FILE PHOTO: Woody White clears the mound of snow from his driveway.
Mitchell Tweel says public works pushed snow to side of some streets in Ward 4, left it there
Some Charlottetown councillors feel the city could be doing a better job of communicating snow and ice removal plans with the public.
While snow hasn't really been an issue lately, the city did get 103 centimetres of it in December, and more is expected this weekend.
Coun. Mitchell Tweel says he's concerned about the fact that public works pushed the snow to the side of some streets in the area of the city he represents, Ward 4, and left it there.
The city's first priority is opening the streets by pushing snow to the side. Machinery comes back later and pulls the snow back into the middle of the street where blowers transfer it into dump trucks.
Tweel said there were cases in December where that didn't happen quickly enough.
"These are narrow streets,'' Tweel said. "It makes it hard when the snow is piled to the side.''
Tweel also raised concerns about the overnight parking ban.
While overnight parking is prohibited on city streets from Nov. 15 to April 15 each year, enforcement has been relaxed from a zero tolerance basis.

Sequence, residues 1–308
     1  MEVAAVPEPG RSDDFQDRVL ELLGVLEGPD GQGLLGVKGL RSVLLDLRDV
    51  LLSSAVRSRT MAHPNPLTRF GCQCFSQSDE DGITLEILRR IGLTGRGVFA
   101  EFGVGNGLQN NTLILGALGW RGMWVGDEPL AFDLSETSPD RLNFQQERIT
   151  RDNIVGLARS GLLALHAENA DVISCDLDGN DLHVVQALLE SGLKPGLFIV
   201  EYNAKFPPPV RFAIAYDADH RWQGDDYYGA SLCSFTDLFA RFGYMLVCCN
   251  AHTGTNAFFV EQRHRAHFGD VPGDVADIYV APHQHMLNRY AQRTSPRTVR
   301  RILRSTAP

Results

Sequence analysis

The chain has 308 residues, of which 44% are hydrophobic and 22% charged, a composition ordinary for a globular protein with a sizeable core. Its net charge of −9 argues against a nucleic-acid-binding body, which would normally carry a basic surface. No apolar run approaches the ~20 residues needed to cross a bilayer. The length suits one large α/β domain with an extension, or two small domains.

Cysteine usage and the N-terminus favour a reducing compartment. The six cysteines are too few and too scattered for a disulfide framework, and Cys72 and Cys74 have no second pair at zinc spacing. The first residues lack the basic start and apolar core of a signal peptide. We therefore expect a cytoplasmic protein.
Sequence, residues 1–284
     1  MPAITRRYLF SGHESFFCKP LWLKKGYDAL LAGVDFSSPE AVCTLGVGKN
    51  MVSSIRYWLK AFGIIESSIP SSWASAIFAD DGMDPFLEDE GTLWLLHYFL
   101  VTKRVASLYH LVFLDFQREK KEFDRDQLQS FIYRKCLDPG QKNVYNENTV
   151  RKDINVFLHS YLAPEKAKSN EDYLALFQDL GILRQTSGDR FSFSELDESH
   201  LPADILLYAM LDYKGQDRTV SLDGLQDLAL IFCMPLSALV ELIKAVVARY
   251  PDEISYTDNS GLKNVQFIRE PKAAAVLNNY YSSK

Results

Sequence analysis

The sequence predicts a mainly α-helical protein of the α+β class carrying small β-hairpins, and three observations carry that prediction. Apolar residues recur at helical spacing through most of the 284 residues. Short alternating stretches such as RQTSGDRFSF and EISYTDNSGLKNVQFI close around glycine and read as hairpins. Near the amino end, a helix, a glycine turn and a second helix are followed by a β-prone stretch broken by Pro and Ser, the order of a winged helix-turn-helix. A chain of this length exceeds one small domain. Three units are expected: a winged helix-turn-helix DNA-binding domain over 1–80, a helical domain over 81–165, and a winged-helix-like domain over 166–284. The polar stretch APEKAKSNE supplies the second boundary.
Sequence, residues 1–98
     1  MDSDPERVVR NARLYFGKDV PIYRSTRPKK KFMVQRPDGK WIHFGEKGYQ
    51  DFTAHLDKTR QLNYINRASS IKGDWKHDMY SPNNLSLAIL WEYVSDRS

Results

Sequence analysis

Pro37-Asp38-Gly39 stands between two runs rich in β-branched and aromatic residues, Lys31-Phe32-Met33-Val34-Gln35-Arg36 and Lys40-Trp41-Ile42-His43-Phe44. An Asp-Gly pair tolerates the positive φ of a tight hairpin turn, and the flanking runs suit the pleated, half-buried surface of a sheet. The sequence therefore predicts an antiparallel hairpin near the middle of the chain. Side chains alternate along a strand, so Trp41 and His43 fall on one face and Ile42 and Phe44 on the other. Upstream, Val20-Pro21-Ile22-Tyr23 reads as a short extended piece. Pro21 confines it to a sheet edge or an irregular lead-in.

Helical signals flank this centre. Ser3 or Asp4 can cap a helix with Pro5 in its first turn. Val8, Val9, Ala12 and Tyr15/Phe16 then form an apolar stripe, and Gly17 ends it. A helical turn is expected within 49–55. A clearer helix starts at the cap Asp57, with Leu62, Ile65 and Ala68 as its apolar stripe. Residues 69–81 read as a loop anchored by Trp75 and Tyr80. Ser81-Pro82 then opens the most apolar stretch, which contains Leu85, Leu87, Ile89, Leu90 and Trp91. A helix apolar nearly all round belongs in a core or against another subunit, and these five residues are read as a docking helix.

Still, Tweel said residents have been complaining to him that they are being issued tickets when snow removal operations weren't being carried out.
Coun. Terry Bernard, chairman of the public works committee, said even though snow plowing may not be taking place there are times when de-icing needs to happen.
Bernard said the city does its best to communicate when snow clearing and de-icing procedures are taking place. The city issues public service announcements through the media and publishes the information on its website.
Coun. Eddie Rice, who represents the downtown area, said the relaxed policy has been a great help, but he still gets a lot of calls from the public wondering when it's safe to leave vehicles on the street and when it's not.
Rice said many residents don't have access to the Internet to monitor the city's website.